Sunday, 8 October 2017

Theatre review: The Busy World is Hushed

PREVIEW DISCLAIMER: The official opening is on Tuesday.

In Keith Bunin's The Busy World is Hushed, a woman struggles to prioritise the men in her life, two of whom are dead - one of them for the last two millennia. Hannah (Kazia Pelka) is an Episcopalian minister and bible scholar, whose husband drowned (possibly a suicide) a couple of months before she gave birth to their only son. Thomas (Michael James) has grown up restless and easily distracted, and has been disappearing from home for months at a time ever since he was 16, trying new ventures in life or just wandering out into the wilderness. He's now 26, older than his father was when he died, which has led him back home to delve through his papers and try to find out about a man his mother will tell him very little about. Hannah is worried he’ll leave again as soon as he finds what he’s looking for, but she’s got a plan to make him stick around a bit longer.

She’s researching a newly-discovered early gospel and has hired an assistant to ghost-write her book on it; she’s noticed that Brandt (Mateo Oxley) and her son are attracted to each other, and encourages her assistant to pursue the relationship.

“Lady vicar asks her assistant to bum her son” is the headline and the oddest element in what is essentially an intimate family drama about a mother and son who desperately want to connect with each other, but each is so determined to do it on their own terms that it’s impossible. It’s also about a mother who wants to build her son into a certain image, whether that be of his late father or Jesus himself – Hannah herself admits she’s falling a little bit in love with the version of Jesus seen in the new gospel, and keeps trying to get Thomas to put up shelves for her (I was a bit relieved when they made a joke about the carpentry reference, I’d been worried Bunin might actually have thought it was subtle.)

A further theme looks at Hannah as both minister and scholar, and asks how someone with such an analytical knowledge of biblical texts, and the often-prosaic reasons one was chosen as canonical over another, can also genuinely believe in the faith created out of these texts. So there’s a lot of ideas flying around in the play, something which is particularly obvious in the inevitable explosive confrontation between the characters. There may be something quite realistic about an argument where people interrupt each other and can’t quite articulate their thoughts, but it’s not very dramatically satisfying and starts to drag.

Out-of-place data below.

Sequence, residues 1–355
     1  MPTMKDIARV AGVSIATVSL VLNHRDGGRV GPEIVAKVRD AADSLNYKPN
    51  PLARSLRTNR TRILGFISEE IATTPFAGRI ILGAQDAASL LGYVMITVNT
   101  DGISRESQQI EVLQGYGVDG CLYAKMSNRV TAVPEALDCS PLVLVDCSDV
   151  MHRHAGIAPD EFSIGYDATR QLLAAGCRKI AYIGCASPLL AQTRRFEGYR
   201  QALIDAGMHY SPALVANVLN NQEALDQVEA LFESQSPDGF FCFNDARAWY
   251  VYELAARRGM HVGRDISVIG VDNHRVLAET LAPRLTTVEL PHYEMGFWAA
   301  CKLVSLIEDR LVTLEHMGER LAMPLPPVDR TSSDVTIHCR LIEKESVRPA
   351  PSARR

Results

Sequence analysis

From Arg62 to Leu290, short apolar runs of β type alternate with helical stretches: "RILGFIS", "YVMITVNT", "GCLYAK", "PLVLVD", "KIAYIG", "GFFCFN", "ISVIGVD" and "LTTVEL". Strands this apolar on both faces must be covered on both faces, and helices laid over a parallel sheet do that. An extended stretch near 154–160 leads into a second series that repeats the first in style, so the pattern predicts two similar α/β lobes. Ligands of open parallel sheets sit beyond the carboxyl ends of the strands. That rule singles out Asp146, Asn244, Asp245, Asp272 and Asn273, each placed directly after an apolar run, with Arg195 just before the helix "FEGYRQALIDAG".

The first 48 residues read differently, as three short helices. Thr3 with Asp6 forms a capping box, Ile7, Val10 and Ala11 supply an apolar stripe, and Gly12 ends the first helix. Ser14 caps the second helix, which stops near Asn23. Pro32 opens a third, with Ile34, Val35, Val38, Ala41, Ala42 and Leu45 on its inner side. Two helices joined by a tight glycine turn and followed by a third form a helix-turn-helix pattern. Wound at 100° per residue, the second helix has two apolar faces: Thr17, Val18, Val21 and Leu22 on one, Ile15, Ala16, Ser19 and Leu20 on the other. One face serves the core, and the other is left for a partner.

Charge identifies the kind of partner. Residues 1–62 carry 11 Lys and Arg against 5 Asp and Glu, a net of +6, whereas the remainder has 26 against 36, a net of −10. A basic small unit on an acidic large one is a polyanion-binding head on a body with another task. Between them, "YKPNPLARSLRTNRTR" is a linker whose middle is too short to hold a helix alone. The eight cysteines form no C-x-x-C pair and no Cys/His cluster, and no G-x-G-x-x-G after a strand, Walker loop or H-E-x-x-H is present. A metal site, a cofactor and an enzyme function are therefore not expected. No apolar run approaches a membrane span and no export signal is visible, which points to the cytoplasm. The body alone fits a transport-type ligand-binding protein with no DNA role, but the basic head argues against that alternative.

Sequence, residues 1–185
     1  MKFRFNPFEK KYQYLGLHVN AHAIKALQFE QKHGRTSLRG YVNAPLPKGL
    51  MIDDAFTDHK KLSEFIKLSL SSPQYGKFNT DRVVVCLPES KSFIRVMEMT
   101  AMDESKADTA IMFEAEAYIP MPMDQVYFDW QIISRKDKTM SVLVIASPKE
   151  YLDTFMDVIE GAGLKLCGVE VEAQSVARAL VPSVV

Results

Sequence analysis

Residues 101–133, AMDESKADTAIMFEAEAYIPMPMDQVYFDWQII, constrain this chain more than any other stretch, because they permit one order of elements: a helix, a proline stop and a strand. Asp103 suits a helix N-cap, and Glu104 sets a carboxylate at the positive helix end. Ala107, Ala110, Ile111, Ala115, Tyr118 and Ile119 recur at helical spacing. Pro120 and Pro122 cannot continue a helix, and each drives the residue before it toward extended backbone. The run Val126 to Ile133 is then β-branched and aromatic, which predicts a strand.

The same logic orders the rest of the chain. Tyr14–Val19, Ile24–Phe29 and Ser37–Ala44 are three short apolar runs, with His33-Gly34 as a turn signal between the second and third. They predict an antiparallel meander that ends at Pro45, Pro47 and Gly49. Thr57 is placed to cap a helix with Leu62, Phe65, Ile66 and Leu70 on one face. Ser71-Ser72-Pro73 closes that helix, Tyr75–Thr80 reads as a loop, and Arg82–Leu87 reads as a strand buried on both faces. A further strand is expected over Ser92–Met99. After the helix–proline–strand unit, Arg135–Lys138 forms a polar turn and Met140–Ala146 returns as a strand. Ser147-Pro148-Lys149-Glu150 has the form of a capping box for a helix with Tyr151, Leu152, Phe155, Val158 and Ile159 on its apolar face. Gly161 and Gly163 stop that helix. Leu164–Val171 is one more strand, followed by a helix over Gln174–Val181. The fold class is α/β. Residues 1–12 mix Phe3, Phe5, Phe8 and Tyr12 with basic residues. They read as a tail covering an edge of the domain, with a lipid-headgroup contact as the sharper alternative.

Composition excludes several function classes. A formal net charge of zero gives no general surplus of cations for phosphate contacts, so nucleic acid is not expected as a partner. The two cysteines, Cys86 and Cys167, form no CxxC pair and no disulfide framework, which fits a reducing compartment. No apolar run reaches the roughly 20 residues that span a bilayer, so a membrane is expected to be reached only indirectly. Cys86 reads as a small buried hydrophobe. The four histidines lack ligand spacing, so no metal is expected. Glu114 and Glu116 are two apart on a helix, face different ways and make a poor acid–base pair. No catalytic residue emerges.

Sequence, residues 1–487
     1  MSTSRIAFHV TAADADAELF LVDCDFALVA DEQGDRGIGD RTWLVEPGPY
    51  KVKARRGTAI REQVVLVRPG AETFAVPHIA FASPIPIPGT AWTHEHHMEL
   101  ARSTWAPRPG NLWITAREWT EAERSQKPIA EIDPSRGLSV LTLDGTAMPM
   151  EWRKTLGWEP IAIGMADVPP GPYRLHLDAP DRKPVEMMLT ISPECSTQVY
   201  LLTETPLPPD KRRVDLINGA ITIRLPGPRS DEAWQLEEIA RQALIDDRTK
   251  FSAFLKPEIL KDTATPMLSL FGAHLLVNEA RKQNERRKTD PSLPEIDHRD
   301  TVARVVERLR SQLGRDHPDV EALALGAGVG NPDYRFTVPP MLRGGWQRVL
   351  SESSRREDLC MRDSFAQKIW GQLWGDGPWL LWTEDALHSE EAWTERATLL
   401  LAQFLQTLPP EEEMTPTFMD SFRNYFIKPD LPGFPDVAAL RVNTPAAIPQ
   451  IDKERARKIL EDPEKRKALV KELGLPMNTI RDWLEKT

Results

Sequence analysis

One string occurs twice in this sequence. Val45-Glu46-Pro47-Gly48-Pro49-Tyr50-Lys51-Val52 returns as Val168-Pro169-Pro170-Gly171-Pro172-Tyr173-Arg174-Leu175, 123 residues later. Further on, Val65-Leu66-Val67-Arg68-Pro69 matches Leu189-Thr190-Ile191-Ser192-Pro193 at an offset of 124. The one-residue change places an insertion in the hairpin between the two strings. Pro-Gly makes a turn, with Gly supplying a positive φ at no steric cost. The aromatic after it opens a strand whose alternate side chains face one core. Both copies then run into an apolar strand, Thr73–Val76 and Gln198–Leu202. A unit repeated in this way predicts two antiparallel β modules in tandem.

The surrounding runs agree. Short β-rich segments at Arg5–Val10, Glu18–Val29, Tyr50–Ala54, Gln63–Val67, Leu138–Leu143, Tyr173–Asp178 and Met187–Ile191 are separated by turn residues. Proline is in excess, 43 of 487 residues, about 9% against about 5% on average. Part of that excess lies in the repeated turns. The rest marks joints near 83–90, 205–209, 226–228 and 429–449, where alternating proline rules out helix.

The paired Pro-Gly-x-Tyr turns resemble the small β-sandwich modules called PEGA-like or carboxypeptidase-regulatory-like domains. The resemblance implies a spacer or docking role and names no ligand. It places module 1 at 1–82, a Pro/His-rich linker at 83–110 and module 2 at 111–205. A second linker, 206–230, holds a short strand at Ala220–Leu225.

Paul Higgins’ production could also do with tightening up its scene changes but there’s also a lot to recommend the show. It’s always good to see a play with central gay characters where their sexuality is incidental to the story, and Oxley and James have good chemistry in their scenes together. The fact that it never settles on quite what it’s about makes it a tricky play to get to the bottom of, and one I find it hard to make my mind up about, but for the most part the characters Bunin creates and the relationships they develop are interesting to watch.

The Busy World is Hushed by Keith Bunin is booking until the 25th of November at the Finborough Theatre.

Running time: 2 hours 10 minutes including interval.

Phot credit: Scott Rylander.

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